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Atlantic Coast environmental assessment ‘favourable’

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World Pipelines,

The release of the report sets the stage for a final decision from the commission on whether the project can proceed.

The Atlantic Coast Pipeline intended to carry natural gas across West Virginia, Virginia and North Carolina would have some adverse environmental effects, including impacts on water resources, forest and other habitats, an assessment by federal regulators found.

However, the assessment found that if developers use proper construction and mitigation techniques, most of those environmental impacts could be reduced to "less-than-significant" levels.

The Federal Energy Regulatory Commission, which oversees interstate natural gas pipelines, released its final environmental impact statement Friday for the proposed 600 mile (965 km) pipeline, which has broad support from political and business leaders but is opposed by environmentalists and many affected landowners.

The release of the report sets the stage for a final decision from the commission on whether the project can proceed. The agency's commissioners will weigh the environmental impact statement as well whether the project meets a public need and whether its proposed gas rates are just and reasonable in making that decision, according to FERC spokeswoman Tamara Young-Allen.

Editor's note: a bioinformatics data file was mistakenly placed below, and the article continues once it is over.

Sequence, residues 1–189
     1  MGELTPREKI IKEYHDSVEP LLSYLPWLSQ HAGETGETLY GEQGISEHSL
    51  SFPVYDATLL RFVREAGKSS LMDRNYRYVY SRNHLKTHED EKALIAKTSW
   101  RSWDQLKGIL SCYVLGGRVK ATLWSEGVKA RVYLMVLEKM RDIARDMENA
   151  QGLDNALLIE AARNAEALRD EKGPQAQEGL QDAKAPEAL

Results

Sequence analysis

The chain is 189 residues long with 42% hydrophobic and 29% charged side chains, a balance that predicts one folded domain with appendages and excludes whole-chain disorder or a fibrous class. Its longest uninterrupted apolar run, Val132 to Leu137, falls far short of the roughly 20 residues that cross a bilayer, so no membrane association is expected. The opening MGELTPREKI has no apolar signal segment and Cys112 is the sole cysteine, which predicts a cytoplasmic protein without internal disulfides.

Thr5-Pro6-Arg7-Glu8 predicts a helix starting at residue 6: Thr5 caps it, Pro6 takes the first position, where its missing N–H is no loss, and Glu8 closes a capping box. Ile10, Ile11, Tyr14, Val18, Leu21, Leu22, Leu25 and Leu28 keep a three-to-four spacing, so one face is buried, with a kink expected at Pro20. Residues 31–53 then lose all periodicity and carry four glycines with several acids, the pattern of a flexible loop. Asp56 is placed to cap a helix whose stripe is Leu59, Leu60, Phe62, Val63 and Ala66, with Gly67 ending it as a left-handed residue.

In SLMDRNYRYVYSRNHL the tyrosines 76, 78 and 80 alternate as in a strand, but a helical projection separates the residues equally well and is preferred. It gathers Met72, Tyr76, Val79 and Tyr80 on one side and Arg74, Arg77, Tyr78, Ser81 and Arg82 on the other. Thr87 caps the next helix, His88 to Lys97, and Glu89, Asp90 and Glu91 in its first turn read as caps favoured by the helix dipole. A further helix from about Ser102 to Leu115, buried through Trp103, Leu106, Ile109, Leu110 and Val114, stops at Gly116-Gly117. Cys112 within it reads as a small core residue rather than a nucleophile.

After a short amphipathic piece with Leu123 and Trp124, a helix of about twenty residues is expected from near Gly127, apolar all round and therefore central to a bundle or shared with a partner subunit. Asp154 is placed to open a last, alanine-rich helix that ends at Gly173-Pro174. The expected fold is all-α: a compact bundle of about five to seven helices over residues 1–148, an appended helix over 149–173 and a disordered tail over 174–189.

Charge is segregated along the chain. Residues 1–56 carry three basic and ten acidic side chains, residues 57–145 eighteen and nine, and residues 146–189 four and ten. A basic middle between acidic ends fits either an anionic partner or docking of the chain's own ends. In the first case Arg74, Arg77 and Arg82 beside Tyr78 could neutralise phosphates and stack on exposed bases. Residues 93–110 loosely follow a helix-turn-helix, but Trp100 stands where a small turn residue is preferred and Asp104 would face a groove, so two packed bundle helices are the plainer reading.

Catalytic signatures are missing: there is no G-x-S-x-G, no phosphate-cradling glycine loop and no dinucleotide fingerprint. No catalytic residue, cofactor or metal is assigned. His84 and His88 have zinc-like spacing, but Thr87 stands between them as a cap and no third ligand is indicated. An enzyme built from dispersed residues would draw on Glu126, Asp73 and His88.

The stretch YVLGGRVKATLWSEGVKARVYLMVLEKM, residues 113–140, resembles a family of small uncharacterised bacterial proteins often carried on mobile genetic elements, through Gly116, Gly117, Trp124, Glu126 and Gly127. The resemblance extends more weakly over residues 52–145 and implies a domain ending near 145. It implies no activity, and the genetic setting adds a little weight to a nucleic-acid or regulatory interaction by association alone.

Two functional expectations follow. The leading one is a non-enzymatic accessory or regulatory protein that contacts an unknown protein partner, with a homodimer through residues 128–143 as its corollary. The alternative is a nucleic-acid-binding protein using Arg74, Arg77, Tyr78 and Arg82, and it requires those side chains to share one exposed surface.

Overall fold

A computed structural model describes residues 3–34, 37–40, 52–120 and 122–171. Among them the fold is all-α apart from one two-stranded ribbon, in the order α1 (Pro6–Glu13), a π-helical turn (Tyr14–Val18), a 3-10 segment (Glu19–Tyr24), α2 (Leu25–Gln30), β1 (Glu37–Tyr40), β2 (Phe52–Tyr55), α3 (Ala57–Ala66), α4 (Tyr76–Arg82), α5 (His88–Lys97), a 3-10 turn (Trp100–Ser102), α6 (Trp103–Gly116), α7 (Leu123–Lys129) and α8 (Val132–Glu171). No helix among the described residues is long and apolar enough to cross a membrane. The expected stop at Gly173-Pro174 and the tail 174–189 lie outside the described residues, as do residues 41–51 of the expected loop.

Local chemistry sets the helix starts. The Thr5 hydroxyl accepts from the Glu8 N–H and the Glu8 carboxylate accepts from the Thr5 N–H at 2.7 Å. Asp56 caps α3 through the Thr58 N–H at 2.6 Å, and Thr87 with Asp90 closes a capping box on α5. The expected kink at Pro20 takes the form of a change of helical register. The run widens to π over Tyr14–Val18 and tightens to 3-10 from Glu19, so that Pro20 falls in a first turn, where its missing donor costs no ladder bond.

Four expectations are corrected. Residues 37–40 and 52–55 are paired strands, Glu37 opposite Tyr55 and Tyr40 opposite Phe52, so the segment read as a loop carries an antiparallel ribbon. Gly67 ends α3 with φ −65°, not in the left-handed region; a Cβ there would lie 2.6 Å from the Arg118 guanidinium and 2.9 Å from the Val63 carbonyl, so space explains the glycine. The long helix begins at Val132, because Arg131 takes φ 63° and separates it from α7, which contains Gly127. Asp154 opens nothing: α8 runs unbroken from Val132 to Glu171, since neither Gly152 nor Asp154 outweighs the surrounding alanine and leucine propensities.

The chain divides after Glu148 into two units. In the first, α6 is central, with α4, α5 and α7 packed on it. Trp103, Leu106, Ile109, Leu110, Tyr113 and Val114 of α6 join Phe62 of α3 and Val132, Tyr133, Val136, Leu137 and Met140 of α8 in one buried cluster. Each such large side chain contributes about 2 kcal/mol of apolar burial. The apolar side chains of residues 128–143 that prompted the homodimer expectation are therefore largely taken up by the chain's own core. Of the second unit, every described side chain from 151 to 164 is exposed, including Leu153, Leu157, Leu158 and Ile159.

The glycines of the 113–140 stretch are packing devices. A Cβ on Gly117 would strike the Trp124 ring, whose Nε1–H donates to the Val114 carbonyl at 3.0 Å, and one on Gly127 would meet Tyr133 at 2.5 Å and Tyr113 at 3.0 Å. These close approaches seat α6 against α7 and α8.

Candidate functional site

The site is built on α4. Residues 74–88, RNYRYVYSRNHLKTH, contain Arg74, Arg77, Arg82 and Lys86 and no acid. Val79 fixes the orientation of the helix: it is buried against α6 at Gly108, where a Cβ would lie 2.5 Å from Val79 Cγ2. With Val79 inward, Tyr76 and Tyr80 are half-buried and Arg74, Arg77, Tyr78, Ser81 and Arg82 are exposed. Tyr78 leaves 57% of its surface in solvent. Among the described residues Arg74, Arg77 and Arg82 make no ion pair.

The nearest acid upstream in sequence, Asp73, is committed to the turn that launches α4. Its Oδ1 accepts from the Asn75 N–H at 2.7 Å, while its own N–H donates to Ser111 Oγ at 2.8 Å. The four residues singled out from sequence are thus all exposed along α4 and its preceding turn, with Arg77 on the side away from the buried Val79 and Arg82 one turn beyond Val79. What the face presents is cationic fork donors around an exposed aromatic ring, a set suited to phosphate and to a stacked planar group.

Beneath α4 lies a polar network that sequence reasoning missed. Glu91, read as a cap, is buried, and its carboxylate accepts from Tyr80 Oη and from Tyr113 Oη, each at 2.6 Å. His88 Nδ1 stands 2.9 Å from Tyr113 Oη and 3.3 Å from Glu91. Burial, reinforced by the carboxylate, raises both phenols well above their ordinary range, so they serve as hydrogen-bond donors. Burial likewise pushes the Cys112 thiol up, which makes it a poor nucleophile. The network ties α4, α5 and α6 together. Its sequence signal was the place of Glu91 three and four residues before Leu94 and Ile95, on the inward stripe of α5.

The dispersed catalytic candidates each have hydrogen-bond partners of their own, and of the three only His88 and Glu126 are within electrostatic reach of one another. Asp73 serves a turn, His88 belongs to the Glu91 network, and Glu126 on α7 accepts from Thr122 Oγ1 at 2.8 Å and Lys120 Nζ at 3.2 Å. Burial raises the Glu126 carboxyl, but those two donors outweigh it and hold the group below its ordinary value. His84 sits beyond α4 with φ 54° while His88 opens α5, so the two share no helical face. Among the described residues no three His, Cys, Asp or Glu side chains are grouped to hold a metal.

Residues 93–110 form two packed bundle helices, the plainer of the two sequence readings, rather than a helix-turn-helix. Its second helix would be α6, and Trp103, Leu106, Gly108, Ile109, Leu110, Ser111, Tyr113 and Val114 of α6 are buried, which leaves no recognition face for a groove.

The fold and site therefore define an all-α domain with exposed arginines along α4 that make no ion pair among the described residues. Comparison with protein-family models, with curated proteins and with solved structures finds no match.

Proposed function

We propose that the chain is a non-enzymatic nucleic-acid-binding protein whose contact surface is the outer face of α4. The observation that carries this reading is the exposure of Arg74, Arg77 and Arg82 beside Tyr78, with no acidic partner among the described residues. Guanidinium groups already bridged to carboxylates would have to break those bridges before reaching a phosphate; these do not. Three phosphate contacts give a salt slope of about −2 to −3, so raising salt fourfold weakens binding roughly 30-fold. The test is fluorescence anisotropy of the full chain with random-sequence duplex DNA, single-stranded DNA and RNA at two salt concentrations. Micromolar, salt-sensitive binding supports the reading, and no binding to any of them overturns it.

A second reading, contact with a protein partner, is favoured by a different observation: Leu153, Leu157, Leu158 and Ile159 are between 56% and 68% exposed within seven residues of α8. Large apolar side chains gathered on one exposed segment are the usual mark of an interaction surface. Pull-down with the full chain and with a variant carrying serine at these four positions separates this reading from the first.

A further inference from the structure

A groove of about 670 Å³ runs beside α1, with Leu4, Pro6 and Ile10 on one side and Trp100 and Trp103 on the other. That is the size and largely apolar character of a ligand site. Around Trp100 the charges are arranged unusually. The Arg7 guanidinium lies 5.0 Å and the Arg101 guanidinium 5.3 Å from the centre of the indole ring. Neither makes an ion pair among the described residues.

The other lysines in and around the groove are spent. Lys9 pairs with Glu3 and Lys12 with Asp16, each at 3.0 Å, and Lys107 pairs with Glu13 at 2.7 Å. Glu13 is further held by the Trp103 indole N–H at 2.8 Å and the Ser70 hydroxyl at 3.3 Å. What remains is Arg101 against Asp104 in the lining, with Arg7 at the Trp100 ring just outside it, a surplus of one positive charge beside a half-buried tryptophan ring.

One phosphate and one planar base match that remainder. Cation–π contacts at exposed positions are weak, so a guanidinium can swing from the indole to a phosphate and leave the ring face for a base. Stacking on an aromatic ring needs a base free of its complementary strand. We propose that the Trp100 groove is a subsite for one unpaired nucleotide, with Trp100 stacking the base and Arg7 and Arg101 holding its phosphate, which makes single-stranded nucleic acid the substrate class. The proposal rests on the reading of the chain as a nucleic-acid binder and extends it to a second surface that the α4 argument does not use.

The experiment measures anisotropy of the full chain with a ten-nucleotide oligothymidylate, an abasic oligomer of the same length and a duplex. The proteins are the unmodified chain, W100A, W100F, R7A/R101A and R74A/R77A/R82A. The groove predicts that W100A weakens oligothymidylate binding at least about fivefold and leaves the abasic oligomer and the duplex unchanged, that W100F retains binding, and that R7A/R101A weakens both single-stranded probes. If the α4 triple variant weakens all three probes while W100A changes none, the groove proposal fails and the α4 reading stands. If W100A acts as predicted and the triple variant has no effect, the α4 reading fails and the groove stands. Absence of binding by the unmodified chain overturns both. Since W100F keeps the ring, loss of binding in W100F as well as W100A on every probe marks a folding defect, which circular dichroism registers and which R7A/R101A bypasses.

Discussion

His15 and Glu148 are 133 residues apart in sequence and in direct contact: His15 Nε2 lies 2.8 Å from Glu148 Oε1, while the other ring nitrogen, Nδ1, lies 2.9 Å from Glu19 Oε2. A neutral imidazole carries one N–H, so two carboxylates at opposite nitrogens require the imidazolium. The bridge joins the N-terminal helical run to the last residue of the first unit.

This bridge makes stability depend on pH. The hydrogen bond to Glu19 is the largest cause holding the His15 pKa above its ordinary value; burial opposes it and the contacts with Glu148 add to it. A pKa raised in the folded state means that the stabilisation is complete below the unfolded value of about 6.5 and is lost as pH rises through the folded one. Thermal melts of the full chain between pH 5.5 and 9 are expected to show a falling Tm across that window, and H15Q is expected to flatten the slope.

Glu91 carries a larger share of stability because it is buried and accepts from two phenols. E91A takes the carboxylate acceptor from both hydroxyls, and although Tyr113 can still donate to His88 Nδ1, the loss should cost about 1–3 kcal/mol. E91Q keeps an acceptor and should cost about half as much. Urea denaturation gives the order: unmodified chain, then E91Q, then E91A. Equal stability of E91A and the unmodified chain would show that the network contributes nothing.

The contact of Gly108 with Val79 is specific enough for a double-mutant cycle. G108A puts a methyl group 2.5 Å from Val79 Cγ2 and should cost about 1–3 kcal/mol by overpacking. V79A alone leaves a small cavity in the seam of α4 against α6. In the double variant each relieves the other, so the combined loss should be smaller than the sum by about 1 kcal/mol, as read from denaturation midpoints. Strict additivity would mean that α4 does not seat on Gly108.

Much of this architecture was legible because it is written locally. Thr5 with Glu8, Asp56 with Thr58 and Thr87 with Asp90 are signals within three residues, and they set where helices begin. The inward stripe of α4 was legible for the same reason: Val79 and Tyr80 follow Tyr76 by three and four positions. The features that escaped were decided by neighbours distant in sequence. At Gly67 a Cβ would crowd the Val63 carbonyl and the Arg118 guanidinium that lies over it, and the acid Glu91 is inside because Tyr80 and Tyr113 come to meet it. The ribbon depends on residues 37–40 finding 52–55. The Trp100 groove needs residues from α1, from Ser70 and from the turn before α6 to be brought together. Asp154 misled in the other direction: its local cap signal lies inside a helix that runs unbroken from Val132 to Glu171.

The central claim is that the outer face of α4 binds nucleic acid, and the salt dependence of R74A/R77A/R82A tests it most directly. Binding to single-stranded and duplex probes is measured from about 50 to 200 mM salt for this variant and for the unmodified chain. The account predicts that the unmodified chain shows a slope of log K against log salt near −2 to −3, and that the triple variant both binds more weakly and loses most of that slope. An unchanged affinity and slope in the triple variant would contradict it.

Initially proposed in 2014, the pipeline would originate in north-central West Virginia, cross Virginia's Shenandoah Valley and run south of the Virginia capital of Richmond to a compressor station near the North Carolina border. An extension would run to the Hampton Roads area along the coast while the main pipeline would continue into North Carolina, ending near the South Carolina line.

Developers have promised that construction alone would create will create 17 000 new jobs and US$2.7 billion in economic activity across the region, and once the pipeline is operational, they say the reliable supply of natural gas will attract heavy manufacturers that have previously passed over Virginia and North Carolina.

The leading company behind the $5 billion project called the assessment "favourable" and said it paved the way for final approval later this year.v

"While some impacts on the environment and landowners are unavoidable with any infrastructure project, the report demonstrates that we've taken all necessary steps to minimise those impacts and balance them with the urgent public need for the project," Leslie Hartz, Dominion Energy's Vice President for Engineering and Construction, said in a statement.

Ordinarily, a final decision can come any time after a pipeline's final environmental impact statement is complete, but the five-member panel currently lacks a quorum, with only one commissioner currently serving. President Donald Trump has announced four nominees, who still must be approved by the Senate.

The pipeline is being developed by four energy companies: Richmond-based Dominion Energy, Duke Energy, Piedmont Natural Gas, and Southern Company Gas.

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